Reborn Renault Scenic SUV previewed by new Scenic Vision concept

Reborn Renault Scenic SUV previewed by new Scenic Vision concept

05/19/2022

This is our first look at the new all-electric Renault Scenic SUV with electric/hydrogen power and real-life interior rainbows


Renault has confirmed that it will reboot the Scenic name in 2024, applying its famous small MPV nameplate to a new family sized SUV. The new car will be all-electric, and is previewed by this: the Scenic Vision Concept. 

Penned by lead designer Gilles Vidal, the Scenic Vision represents Renault’s future on three fronts. The exterior design is representative of what the 2024 Scenic will look like, and is “more than 90 per cent production car” according to Vidal. However, the powertrain technology is more a preview of what Renault thinks it could offer commercially post 2030, and the interior is pure concept car indulgence.

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The Scenic Vision is not just a preview of what’s to come from Renault passenger cars in the future. It’s the brand flexing its eco credentials, showcasing what Renault claims are several breakthroughs in regards to sustainability in production. As such, the concept is made from 70 per cent recycled materials, and 95 per cent of the whole vehicle can be recycled at the end of its lifespan.

The Scenic name summons thoughts of peak MPV popularity in the 1990s. Launched as a smaller, five-seat sibling for the Espace in 1996, it was a surprise hit in showrooms, cementing the MPV as the car of the time. It’s a segment that has nosedived in recent years, however, and the Scenic name was taken off-sale in the UK in 2020 altogether.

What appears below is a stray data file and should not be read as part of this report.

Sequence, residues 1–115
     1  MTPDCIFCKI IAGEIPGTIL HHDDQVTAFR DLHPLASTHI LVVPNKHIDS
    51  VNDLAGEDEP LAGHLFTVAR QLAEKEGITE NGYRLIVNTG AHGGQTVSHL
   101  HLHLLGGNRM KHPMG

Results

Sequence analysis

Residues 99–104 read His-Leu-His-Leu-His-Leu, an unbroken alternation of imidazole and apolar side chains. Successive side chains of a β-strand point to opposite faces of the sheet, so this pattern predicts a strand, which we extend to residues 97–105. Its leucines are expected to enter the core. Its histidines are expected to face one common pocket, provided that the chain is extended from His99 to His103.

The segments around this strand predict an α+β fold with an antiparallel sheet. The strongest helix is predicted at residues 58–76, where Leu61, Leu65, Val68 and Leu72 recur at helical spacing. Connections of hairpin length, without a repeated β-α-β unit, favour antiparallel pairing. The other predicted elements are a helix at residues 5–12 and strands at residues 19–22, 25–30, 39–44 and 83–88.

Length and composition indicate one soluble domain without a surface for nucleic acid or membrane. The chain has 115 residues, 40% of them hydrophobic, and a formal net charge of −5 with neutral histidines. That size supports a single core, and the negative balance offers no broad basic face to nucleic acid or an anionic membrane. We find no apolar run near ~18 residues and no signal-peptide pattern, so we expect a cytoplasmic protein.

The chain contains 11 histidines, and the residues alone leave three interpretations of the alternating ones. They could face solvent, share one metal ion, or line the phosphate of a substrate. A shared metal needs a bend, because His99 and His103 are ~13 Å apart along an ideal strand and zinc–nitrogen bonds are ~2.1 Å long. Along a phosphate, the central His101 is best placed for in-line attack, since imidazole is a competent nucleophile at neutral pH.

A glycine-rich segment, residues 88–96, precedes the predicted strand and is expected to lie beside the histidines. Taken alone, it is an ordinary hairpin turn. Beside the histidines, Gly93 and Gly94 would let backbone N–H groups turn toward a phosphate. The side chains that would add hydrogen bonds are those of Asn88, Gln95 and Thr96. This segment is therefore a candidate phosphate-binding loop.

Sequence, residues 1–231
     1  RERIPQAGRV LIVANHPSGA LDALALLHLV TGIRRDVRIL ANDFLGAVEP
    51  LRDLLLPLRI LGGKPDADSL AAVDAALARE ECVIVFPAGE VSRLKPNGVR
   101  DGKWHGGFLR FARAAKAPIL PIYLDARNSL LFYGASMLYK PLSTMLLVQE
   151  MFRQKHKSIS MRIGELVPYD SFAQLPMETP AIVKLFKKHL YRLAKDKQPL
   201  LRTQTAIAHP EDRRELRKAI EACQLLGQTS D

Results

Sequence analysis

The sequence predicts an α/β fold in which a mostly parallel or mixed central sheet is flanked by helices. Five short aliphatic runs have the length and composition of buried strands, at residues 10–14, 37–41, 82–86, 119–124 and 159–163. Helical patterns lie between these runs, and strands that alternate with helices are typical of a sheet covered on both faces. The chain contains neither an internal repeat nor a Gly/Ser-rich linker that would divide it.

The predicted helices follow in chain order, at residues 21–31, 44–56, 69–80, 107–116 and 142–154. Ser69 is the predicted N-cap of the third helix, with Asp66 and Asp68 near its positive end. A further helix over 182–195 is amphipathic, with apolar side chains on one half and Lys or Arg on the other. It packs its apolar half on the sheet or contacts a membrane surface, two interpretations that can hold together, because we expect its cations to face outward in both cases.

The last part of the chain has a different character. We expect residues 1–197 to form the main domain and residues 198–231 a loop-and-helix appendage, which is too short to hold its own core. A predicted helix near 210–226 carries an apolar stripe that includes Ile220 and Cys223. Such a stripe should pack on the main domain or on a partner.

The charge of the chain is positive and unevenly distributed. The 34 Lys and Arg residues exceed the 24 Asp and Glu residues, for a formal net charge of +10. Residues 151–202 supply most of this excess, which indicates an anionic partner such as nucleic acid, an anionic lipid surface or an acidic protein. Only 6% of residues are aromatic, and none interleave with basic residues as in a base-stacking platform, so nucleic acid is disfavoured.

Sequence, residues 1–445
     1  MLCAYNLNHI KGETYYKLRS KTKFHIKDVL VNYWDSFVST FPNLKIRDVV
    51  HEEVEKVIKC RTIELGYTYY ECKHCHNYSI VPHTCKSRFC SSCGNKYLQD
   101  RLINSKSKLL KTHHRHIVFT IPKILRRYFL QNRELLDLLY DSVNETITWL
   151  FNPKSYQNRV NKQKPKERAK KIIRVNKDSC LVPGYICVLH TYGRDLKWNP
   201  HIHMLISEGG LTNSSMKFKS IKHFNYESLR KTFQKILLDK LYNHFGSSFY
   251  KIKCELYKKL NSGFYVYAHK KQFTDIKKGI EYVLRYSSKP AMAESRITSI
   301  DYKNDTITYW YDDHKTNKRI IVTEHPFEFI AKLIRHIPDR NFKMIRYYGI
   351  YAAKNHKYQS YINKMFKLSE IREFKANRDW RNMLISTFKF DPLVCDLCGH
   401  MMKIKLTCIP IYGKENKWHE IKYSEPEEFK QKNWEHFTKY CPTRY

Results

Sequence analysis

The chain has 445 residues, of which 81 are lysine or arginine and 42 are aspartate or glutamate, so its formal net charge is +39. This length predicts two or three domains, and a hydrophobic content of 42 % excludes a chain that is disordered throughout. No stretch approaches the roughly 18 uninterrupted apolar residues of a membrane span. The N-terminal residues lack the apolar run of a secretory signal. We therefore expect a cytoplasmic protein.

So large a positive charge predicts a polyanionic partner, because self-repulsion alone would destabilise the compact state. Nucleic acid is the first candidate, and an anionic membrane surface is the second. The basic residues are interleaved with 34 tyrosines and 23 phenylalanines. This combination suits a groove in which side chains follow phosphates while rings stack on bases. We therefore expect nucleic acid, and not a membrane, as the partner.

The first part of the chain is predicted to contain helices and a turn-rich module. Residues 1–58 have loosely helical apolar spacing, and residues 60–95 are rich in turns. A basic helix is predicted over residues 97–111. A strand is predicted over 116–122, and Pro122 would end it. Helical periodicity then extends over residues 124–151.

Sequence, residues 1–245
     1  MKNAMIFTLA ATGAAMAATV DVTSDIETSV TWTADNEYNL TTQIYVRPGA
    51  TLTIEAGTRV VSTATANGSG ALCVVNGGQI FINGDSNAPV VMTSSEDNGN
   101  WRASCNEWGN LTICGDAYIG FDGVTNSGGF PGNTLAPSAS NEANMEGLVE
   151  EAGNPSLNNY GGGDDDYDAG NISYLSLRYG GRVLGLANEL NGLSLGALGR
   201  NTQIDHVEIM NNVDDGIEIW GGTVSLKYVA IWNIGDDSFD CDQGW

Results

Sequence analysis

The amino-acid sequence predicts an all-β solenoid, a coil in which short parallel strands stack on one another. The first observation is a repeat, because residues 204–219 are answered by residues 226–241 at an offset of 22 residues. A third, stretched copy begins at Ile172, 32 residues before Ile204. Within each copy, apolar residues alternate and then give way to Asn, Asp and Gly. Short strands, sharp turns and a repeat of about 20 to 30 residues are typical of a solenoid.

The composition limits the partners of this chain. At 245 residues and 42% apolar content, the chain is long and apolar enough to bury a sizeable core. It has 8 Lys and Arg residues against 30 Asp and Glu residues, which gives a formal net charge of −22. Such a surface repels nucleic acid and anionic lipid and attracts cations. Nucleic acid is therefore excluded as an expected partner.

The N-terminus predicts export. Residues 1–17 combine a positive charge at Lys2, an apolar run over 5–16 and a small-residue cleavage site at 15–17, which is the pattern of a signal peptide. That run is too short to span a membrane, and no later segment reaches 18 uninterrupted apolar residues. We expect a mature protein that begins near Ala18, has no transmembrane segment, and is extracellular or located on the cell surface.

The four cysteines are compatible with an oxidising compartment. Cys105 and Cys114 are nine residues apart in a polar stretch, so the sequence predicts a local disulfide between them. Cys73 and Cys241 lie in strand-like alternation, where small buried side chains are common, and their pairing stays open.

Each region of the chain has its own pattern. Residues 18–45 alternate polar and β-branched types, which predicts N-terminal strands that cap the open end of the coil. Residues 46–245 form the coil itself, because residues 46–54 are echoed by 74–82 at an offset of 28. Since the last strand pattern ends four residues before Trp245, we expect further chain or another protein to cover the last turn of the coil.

When it returns in 2024, it will be attached to a C-segment SUV. The brand claims that it will carry forward the Scenic’s original brief, by being a car aimed at families and their “changing needs”.

Hydrogen fuel cell and electric power

The Scenic Vision uses a bespoke platform, but the 2024 production car will use the CMF-EV system employed by the smaller Megane E-Tech Electric and the larger Nissan Ariya. This will mean a fully-electric powertrain, with batteries up to 90kWh in size enabling a maximum range of over 300 miles on a full charge if the Ariya’s specs are anything to go by. 

However, the powertrain in the concept does not reflect what will be on sale two years from now. Instead, it is a gaze into the next decade, using what Renault dubs a ‘one-of-a-kind’ hybrid powertrain using battery electric and hydrogen fuel cell technology to drive a rear-mounted electric motor rated at 215bhp. It is essentially a range-extender using a compact hydrogen fuel cell to recharge the car’s battery, instead of a small petrol engine. 

To create this sort of powertrain, Renault has devised what would be a fuel cell vehicle, but with differently proportioned electric and hydrogen elements. Sized at 40kWh, the battery is the same as the one used in the short-range version of the Megane E-Tech electric and is under the front part of the floor. It holds a much larger charge than the small batteries usually used in fuel cell cars, but it’s around half the size and weight of a battery used in a typical long-range EV on sale today.